Installing Your Own Geoexchange System

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Geoexchange systems utilize the Earth for heating and cooling.
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Installation of a geoexchange system is not so much
difficult as it is time-consuming. The installer needs to
have an excellent background in ducting, high-voltage
(240-volt) and low-voltage (24-volt) controls wiring,
plumbing, loop purge and fill procedures, and a working
knowledge of refrigeration systems. The majority of heating
and air conditioning contractors do not have technicians
with the background necessary to handle a geoexchange in
stallation like an experienced and certified GSC.
Conventional heating contractors tend to focus on
relatively simple, one-day furnace and air-conditioning
installations. By contrast, a closed-loop geoexchange
installation can take a crew of three workers up to five
working days to complete a project, with roughly 60% of the
time dedicated to installing piping and filling the loop.

If you decide to move ahead on your own, you should still
use a local GSC as a source of information and possibly as
a service partner to look after the system while you’re
installing it. The services Geo-Source One provides for
those who wish to take a direct role in a system
installation include establishing a contract as a
consultant in the project, performing an energy analysis
for the home, sizing equipment, designing ductwork and
closed loop, and providing for delivery of equipment
materials and any specialty tools needed for installation.
As construction progresses I arrange for site inspections
and assistance where the tasks may exceed the time or
ability of the owner. I find this method of managing a DIY
project adds con s istency to the installation and helps to
avoid many of the potential pitfalls that can beset a
“first-time” installation. 

Ducting

In addition to the trenching and pipe laying work outlined
in the main article , you’ll need to adapt your ductwork to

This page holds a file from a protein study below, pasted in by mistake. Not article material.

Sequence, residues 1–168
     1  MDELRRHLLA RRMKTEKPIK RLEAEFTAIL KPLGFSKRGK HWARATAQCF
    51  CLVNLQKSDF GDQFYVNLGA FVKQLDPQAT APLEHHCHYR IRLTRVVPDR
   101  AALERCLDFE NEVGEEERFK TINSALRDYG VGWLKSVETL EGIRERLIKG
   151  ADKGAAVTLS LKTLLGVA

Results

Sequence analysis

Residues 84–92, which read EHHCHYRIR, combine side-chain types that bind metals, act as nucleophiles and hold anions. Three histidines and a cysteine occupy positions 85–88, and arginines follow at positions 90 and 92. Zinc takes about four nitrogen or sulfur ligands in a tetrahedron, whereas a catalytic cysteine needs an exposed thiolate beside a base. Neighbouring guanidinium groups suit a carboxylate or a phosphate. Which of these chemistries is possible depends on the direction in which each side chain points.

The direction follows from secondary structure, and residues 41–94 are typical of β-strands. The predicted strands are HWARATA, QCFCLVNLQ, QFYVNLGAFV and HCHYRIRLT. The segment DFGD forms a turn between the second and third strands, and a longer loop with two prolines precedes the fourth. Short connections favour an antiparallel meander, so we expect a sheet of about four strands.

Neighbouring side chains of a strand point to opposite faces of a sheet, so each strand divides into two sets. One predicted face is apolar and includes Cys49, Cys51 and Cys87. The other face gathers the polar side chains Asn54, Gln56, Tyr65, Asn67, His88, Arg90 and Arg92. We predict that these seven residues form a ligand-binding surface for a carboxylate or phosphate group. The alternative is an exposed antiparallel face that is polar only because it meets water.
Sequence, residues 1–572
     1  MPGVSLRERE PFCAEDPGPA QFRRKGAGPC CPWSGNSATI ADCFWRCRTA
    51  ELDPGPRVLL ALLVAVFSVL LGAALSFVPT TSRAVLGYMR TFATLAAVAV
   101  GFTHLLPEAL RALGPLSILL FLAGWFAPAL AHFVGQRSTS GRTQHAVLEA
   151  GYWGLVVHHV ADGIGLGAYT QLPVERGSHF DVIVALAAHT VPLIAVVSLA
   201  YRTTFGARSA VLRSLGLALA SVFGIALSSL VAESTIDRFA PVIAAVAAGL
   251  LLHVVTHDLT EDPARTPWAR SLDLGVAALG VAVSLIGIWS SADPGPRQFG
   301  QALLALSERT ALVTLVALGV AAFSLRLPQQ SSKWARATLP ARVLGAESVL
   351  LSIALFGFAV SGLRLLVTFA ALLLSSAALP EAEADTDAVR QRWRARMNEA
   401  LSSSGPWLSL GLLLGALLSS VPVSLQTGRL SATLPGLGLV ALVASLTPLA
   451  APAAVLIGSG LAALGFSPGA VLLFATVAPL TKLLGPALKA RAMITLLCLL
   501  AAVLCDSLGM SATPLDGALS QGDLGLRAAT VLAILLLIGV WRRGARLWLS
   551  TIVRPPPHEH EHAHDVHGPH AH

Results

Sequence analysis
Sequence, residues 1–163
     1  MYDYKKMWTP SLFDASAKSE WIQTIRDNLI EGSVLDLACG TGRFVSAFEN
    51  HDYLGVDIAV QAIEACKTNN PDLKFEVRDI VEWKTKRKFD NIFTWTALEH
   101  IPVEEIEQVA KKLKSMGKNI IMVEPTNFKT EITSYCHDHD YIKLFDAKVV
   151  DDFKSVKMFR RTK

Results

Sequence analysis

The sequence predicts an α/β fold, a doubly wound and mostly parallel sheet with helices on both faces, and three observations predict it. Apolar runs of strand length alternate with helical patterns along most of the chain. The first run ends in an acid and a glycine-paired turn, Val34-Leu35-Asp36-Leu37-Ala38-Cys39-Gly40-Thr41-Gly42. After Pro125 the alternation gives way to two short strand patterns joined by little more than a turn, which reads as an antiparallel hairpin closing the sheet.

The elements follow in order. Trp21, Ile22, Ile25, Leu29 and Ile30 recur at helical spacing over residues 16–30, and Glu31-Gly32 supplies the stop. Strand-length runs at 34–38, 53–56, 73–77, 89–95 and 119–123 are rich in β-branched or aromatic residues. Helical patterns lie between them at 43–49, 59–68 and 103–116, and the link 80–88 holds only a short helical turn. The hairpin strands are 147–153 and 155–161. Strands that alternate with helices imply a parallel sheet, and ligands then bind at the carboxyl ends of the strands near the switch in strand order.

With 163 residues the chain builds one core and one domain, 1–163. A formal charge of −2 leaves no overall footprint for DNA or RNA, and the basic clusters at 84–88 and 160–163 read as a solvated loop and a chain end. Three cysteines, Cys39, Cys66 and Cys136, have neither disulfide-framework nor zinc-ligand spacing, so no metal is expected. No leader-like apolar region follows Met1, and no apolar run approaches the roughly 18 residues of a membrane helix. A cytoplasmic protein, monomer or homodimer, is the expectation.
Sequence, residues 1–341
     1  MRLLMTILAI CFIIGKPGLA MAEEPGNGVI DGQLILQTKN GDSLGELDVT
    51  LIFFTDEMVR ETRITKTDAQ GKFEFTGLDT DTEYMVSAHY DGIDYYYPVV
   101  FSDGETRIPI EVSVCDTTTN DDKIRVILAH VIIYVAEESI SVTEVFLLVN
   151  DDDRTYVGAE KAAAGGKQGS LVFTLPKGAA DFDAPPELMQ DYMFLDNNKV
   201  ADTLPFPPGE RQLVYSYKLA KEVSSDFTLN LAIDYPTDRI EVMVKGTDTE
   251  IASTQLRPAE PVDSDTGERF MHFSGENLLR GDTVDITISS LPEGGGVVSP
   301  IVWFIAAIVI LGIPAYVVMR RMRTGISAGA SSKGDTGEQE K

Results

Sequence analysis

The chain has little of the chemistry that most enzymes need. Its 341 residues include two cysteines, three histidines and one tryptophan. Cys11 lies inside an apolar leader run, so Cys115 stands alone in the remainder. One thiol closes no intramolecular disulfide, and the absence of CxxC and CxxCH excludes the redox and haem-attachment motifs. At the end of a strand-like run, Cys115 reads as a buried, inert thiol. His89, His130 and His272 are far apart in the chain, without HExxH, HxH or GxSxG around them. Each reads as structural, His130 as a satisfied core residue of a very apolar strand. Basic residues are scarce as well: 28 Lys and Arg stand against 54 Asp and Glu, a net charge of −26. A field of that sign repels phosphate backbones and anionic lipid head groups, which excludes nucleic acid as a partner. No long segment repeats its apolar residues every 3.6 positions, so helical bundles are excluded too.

fit a geoexchange system.

On main floors, the supply air registers are located six
inches from outside walls and positioned beneath windows or
adjacent to outside doors. The return air intakes for the
first- and any upper-level floors are all situated “high
side wall” (HSW). The return air in a finished basement is
located “low side wall” (LSW). I’ve found this means of
collecting return air produces the most uniform temperature
within the structure, with little more than a few degrees
difference between basement- and upper-level temperature.
By comparison, older duct designs that use low side wall or
floor level returns have inherently warm ceilings, cold
drafty floors and a basement area that is cold and
uncomfortable year round. Constantly operating a fan in
these situations helps a little, but serves more to create
cold drafts since the bulk of the circulation is from the
cold floors.

Every contractor has a preference for ducting material, and
for trunk lines the favorite is usually sheet metal. My
preference, however, is a ridged, foil-faced fiberglass
product called duct board. Available from a number of
sources, duct board is shipped in cartons of 4×10 sheets.
The sections can be shipped flat and assembled on-site.
When properly installed, the high-density duct board
maintains a system with no air leakage. Also, the people in
whose homes we run duct board trunk lines do not notice the
“white noise,” or random popping and booming caused by the
expansion and contraction of metal trunk lines. The use of
flexible canvas collars at connections to the system will
also help reduce any harmonics between motors and sheet
metal. However, air turbulence within the sheet metal will
still produce some noise at the registers.


Safety First

With the proper advice and guidelines, laying your home’s
geothermal piping can be challenging (but money saving)
work. Here are a few pointers to help you dig safely:

Before you dig, contact the local utility location
service. Allow plenty of time for their agents to mark out
the site and locate any underground utilities.

Mark utility easements, septic tanks, tile fields, water
well casings and underground piping that needs to be
avoided.

Figure out where excavated soil will be stored as an area
is cleared and keep it away from the edges of any trench to
prevent cave-ins. Trench spoils should sit at least three
feet back from any five-foot trench wide enough to hold a
person. In a trench that big, even a small cave-in can
involve more than 1,500 pounds-a weight you do not want
plummeting in on top of you. Complete all work in a trench
as quickly as possible and get out. Also, it’s a good idea
to work out an alternative means of escape from any
excavation. A ladder works well, but I often carry a shovel
and place it across the top sides of the trench. This way,
a quick jump and pull-up can make for a quick escape.